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Placer, El Dorado County superintendents share reopening successes & difficulties | Reopening California schools

Superintendents in both Placer and El Dorado counties told ABC10, despite the initial trepidation, things have gone overwhelmingly smooth.

EL DORADO COUNTY, Calif. — As more schools prepare to return to in-person learning, representatives for some districts that have already blazed the trail are sharing how reopening has gone for them.

Placer County and El Dorado County have both returned to in-person learning, at least in a hybrid model, since fall 2020. Superintendents in both counties told ABC10, despite the initial trepidation things have gone overwhelmingly smooth.

Placer County Superintendent Gayle Garbolino-Mojica said all 16 school districts in the county were reopened for some form of in-person learning as of November 2020.

“We’re kind of all over the map but we have every single school district and charter school open for some degree of in-person for all students, TK through 12th grade, in our county,” Garbolino-Mojica said, adding that the Roseville Joint Union High School District returned to a 5-day schedule in January.

Something that added to the successful return in Placer County, Garbolino-Mojica said, was the creation of coronavirus testing sites at the schools. She said an appointment could be made and a test could be administered within 24 hours’ notice and results received within 36 hours.

“Those sites helped provide the trust that we were taking this seriously. That we will set aside testing for you, so you don’t have to wait to get testing elsewhere,” she said. “If there was a potential exposure, we could then shut down that cohort quickly and make sure we could stop any potential spread that could happen.

In El Dorado County, Placerville-Union School District Superintendent Eric Bonniksen also spoke glowingly about the return to in-person learning.

“We opened in a hybrid format back in August and it’s gone extremely well,” he said.

But as good as it has been to have kids back in classrooms, Bonniksen said seeing the kids back with their friends, repairing the social-emotional side of things, has been even better.

He gives parents a lot of credit for the success.

“They have marched hand-in-hand with us since we first had to shut down on March 13 a year ago and their willingness to do that has been huge for us to be as successful as we have been,” Bonniksen said.

The reopenings did not come without setbacks. Both Bonniksen and Garbolino-Mojica said there were instances of quarantining and isolation, but not on the scale that they originally anticipated.

Bonniksen said two classrooms had to be quarantined for a short period. And that a few times throughout the year students or staff had to quarantine because they tested positive. The distance learning protocols helped in those instances.

“It’s been a relatively smooth transition when those individuals have had to quarantine,” he said.

Garbolino-Mojica chided the California Department of Public Health (CPDH), specifically what she referred to as its “ever-changing policies” for creating issues with the smoothness of their reopening.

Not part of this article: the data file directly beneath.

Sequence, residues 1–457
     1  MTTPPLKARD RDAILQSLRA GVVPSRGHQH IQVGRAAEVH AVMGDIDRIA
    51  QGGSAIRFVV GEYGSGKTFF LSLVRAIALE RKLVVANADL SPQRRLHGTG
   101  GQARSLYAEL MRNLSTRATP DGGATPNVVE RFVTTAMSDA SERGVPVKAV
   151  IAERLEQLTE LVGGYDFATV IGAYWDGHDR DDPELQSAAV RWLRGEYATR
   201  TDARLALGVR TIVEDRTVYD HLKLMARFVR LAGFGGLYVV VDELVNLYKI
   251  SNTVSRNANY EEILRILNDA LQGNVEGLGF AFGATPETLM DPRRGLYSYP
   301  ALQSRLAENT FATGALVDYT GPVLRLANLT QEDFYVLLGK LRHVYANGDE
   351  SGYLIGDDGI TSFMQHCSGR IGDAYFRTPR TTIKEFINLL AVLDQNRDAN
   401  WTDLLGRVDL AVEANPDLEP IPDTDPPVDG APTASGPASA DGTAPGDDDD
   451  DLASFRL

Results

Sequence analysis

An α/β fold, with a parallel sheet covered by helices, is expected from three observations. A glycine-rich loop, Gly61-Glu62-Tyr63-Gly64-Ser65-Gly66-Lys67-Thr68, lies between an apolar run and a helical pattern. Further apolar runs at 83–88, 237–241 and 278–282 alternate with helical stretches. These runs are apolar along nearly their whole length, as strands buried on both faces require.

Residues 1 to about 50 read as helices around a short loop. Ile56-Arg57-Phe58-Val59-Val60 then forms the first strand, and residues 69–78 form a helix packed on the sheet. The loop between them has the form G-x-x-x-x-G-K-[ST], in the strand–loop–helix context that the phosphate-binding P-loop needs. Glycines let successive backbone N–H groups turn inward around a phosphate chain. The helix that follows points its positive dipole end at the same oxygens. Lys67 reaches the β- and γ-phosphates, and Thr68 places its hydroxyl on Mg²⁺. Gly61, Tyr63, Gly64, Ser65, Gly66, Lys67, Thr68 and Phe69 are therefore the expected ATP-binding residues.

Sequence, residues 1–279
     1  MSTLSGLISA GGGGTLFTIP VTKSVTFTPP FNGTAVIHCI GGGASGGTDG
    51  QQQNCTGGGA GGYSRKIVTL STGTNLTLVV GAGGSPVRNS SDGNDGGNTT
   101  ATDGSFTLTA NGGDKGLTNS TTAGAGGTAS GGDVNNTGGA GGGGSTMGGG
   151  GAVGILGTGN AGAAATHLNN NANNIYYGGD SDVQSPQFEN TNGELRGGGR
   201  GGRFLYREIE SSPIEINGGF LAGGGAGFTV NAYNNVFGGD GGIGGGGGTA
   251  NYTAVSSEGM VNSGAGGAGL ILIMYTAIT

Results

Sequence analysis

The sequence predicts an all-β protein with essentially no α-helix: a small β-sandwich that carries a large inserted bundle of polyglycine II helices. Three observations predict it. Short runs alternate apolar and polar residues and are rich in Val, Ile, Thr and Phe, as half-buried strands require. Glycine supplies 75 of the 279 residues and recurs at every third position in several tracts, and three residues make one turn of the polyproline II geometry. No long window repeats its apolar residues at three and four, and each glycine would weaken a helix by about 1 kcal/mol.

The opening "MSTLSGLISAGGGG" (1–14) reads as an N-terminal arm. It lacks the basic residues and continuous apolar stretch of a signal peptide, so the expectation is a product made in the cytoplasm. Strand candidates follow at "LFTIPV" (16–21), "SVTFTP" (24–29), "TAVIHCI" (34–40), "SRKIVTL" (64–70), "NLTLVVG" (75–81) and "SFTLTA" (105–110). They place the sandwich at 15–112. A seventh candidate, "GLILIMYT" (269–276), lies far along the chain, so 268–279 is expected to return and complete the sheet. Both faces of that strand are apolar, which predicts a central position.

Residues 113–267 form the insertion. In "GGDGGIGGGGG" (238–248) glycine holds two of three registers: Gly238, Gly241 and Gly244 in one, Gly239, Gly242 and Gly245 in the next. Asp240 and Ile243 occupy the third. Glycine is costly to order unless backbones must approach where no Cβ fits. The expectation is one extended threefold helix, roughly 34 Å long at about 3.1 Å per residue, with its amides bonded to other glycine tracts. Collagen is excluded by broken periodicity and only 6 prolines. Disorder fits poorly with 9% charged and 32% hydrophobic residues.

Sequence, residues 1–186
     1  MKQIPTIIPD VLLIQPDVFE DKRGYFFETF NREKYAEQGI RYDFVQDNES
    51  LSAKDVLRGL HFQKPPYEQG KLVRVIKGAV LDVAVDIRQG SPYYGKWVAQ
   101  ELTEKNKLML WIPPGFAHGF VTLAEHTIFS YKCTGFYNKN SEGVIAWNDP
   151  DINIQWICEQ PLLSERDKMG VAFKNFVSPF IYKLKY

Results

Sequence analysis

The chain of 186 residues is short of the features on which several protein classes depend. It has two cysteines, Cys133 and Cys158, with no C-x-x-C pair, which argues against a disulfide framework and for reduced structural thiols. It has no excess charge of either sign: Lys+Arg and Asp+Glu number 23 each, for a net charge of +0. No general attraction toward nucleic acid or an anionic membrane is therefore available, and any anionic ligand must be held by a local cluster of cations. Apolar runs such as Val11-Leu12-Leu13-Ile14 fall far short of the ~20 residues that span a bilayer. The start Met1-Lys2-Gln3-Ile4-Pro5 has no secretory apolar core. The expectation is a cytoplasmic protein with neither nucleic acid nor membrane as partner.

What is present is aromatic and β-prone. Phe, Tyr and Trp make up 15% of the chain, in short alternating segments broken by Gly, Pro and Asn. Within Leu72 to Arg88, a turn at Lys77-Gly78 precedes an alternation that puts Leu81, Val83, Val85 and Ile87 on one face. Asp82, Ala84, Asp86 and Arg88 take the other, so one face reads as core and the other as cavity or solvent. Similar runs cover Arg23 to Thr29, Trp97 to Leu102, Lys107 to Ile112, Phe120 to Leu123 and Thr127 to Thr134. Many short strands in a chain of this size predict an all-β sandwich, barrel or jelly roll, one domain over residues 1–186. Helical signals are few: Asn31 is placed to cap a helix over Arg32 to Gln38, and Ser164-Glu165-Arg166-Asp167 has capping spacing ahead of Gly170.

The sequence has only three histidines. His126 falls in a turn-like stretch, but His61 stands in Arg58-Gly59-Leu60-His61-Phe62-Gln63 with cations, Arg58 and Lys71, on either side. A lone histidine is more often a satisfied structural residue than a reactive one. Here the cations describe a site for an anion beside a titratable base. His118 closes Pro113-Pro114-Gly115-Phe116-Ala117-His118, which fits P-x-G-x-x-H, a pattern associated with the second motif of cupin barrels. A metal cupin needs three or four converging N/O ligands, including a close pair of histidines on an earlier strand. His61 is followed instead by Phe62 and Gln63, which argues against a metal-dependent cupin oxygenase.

“We were able to open up 130 schools in Placer County under the previous guidance that was issued out of CDPH, and we did it successfully,” she said. And then to return back from the holiday break and then now have completely new guidance…that was really hard to navigate.”

Both districts had even better luck getting their teachers and staff vaccinated. According to Bonniksen, it has gone extremely well in El Dorado County.

“We were able to start getting teachers vaccinated in January. By the end of February, anyone within our district that wants to get the vaccine will have had at least their first shot and the vast majority will have had both shots,” he said.

Garbolino-Mojica, too, said Placer County has gotten a solid jump on teacher vaccinations.

“In the last two weeks, we have administered 3,100 doses to educators and childcare workers in our county. That is definitely good news, but we still have a ways to go. Right now everything is dependent on the supply [of vaccines],” she said.

For the schools getting ready to return to in-person learning for the first time, both Garbolino-Mojica and Bonniksen offered an upbeat outlook and advice.

Garbolino-Mojica stressed staying in close contact with the local health department and health officers. She also said transparency, especially in decision-making and the rationale behind it, is key when it comes to labor unions and the community itself.

“I really do have high hopes for what’s going to happen later this spring and summer when I think we as a county and in public education can get back to some degree of normalcy,” she said.

For Bonniksen, thoroughly communicating the safety protocols with everyone is most important, as is establishing good relationships between districts, bargaining groups and unions.

“The better you communicate with staff, the better you communicate with families, the smoother everything will flow,” he said. “Overall I think it has gone as well as we could have expected. It’s a process that most schools can jump on and be able to implement relatively smoothly.”

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